The children's minimum subsistence level in Estonia is 70 percent higher than the average maintenance cost per child and people often have trouble paying for it, a new study by the University of Tartu commissioned by the Ministry of Justice has found.
The currently valid law says that the lowest subsistence paid for a child is half of the minimum wage which as of 2020 is €584 per month. The recent rise of the minimum wage means that if a couple who has broken up has four children, the parent living away from the children has to pay subsistence of approximately €1,200, ETV's current affairs show "Aktuaalne kaamera" reported on Monday.
"Most people act according to the minimum costs worked out by the ministry. It's definitely not appropriate in all situations," the family mediator Helle Niit said.
The study by the University of Tartu that was presented on Monday finds that the current system is inflexible and doesn't consider the actual spending that is made on children.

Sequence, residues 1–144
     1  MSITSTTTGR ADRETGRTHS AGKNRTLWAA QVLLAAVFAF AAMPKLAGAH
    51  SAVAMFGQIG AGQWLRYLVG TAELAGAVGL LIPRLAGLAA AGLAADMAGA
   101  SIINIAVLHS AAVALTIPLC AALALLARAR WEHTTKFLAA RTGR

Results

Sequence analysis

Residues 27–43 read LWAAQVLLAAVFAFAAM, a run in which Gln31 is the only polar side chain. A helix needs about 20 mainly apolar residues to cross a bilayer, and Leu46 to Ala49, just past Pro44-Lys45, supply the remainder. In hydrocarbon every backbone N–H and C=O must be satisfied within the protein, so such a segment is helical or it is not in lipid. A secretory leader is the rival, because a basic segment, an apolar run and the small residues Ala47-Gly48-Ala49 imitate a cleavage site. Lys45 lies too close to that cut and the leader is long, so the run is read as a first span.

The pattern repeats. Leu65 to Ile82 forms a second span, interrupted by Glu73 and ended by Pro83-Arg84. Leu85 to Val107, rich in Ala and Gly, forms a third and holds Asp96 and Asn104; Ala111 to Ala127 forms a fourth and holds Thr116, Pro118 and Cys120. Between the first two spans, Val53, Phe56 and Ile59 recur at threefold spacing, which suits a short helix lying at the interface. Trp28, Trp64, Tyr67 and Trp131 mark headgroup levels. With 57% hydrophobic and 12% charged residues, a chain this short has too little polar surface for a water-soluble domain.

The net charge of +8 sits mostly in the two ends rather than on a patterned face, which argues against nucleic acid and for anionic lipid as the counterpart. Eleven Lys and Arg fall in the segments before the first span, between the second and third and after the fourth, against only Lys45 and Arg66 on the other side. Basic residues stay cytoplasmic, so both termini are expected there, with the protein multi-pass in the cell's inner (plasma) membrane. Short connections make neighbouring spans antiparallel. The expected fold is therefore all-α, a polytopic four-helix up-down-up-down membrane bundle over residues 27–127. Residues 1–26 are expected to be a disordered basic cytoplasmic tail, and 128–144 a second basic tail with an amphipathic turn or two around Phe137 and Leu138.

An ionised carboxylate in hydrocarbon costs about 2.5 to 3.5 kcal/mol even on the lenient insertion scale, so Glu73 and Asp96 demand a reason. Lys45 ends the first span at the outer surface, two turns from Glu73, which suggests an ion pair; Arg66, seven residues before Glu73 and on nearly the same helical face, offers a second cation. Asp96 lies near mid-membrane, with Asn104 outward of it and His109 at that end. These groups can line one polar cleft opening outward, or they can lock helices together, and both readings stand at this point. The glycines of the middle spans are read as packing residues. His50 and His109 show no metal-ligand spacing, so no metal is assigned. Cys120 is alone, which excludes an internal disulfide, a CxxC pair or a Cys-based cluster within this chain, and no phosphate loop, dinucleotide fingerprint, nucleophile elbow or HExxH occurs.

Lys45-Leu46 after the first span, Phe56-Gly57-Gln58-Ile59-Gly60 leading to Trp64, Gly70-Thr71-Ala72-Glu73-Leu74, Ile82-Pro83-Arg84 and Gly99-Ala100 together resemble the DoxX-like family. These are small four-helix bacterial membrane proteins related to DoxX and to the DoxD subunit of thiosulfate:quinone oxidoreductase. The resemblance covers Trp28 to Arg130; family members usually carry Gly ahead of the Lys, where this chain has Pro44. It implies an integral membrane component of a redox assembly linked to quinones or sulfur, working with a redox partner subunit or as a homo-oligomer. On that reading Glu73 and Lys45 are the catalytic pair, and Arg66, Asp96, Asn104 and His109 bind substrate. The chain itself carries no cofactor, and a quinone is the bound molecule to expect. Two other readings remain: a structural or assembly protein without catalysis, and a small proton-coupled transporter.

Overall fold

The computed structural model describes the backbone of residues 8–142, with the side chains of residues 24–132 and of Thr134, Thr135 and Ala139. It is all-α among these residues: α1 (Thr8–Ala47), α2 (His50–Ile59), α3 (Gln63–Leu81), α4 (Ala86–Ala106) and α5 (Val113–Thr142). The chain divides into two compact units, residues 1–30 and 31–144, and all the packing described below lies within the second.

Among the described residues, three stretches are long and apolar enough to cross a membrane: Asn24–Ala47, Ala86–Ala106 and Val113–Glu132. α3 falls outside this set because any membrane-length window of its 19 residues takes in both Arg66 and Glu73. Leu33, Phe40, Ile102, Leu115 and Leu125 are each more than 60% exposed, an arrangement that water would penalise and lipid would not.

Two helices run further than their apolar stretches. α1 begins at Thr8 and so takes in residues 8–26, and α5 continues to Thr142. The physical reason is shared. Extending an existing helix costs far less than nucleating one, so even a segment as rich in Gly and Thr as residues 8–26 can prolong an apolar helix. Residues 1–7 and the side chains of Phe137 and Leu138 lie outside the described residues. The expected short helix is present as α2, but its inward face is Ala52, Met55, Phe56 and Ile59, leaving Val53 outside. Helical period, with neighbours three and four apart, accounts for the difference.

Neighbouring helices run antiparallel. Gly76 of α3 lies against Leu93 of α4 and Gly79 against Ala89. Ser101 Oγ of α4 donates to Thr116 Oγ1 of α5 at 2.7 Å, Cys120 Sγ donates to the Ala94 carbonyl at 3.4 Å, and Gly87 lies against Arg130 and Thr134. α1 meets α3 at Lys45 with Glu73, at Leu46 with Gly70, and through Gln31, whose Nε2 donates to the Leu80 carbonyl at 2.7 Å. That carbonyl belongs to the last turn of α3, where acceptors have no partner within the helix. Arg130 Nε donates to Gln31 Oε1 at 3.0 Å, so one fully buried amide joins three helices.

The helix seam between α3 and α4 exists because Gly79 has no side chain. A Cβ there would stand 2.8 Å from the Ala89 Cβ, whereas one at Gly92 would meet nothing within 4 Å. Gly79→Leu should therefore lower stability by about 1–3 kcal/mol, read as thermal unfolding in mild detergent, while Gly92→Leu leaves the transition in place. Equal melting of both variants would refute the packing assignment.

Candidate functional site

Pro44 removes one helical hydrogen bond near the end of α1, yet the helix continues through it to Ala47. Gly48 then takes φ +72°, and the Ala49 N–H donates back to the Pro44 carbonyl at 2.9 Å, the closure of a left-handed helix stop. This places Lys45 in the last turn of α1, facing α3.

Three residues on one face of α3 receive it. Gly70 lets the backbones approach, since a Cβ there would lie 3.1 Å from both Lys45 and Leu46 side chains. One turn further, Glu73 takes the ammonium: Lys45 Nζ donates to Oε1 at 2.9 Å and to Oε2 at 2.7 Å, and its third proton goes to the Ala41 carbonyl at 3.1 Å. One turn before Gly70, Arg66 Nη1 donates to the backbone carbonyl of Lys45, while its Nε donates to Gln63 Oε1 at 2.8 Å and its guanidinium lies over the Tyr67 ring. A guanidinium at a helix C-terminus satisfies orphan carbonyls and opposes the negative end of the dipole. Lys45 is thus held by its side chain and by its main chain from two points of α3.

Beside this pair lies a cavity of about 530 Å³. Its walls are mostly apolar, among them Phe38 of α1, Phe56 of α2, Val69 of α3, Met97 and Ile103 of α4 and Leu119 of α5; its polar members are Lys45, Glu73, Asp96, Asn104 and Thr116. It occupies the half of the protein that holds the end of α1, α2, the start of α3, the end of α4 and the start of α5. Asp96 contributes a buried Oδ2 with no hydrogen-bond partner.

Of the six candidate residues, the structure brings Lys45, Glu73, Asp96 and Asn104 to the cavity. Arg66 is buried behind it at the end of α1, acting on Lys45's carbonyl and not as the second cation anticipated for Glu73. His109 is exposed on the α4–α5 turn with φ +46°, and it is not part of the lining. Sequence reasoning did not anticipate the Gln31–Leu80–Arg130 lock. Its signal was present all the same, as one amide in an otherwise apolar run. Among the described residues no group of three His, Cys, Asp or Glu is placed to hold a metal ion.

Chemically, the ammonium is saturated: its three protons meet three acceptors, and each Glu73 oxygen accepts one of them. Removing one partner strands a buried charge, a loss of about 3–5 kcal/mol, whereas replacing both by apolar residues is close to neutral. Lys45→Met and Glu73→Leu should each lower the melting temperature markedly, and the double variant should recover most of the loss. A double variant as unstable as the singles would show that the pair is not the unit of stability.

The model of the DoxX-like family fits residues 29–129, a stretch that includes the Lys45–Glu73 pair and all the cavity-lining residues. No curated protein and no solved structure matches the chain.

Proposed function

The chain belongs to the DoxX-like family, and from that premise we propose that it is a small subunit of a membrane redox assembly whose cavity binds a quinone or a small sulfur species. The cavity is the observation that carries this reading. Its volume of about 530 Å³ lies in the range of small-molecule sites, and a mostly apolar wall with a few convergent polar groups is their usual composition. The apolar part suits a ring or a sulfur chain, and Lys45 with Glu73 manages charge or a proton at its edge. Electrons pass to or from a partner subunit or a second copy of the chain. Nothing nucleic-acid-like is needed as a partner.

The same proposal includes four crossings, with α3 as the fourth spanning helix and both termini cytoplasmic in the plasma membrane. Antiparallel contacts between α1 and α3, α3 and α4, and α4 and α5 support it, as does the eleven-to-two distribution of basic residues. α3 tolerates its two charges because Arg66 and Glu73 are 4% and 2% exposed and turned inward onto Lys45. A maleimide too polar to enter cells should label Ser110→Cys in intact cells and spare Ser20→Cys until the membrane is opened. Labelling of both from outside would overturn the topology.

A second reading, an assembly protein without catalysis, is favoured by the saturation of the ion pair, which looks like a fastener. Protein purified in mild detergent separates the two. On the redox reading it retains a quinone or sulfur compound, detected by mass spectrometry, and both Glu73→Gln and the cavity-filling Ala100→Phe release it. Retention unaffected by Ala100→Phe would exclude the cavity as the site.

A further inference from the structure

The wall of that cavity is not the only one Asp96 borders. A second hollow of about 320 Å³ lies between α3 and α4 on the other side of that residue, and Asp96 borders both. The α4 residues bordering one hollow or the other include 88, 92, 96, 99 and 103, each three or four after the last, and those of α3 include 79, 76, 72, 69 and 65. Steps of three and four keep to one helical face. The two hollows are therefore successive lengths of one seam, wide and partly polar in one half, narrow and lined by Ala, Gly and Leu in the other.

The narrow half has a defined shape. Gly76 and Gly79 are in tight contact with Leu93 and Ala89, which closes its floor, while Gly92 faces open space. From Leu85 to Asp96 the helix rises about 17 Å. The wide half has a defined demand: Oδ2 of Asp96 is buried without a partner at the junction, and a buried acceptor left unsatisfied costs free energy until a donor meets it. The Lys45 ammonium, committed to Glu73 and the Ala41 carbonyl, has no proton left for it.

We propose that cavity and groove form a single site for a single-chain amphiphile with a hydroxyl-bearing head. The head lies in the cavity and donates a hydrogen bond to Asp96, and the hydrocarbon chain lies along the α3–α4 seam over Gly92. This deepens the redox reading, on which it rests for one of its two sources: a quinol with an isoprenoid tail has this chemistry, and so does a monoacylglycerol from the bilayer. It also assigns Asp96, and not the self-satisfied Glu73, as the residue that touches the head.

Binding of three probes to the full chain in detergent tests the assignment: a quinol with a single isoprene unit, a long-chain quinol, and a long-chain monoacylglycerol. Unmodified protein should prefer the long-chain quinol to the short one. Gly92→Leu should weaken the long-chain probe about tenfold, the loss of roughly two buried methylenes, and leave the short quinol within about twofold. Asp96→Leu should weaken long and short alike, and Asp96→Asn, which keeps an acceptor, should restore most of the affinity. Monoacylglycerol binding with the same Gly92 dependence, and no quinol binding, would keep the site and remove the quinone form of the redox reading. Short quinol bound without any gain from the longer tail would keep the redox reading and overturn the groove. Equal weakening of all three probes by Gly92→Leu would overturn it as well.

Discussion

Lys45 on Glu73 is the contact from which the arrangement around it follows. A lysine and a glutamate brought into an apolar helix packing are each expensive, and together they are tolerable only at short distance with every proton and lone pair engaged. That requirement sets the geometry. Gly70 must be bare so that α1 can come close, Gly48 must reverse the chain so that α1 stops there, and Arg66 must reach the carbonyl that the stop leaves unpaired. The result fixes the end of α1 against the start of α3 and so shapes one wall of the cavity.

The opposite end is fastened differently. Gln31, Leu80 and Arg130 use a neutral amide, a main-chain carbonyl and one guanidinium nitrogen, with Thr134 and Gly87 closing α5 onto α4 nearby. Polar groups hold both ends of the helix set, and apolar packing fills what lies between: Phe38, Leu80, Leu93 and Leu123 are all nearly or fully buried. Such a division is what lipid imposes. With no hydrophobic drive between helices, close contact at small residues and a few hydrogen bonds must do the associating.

The analyst of the Tartu University's Center of Applied Social Sciences Kadri Lees explained the minimum subsistence level is currently too high and people have trouble paying it. "We have calculated, in the case of the standard budget, the average spending per child is €343 a month and to think in the context of subsistence, it should be halved," Lees said.
According to the study, the maintenance cost per parent should be €172 rather than the current €292. If there are several children, the expenses decrease due to the economies of scale. The current law does not take this into consideration.
"We brought out different factors that should be looked into when assigning the minimum subsistence level. They should be the age of the child, if they have brothers or sisters and the area where they lives. These factors should be considered when preparing the new draft," Lees said.
The Justice ministry has received many complaints about subsistence and is trying to find a fair solution.
"We have to face this data and discuss exactly what it should and can bring regarding the choices made by politicians," the Adviser to the Office of Private Law of the Justice ministry Anda Olm said.
Editor: Roberta Vaino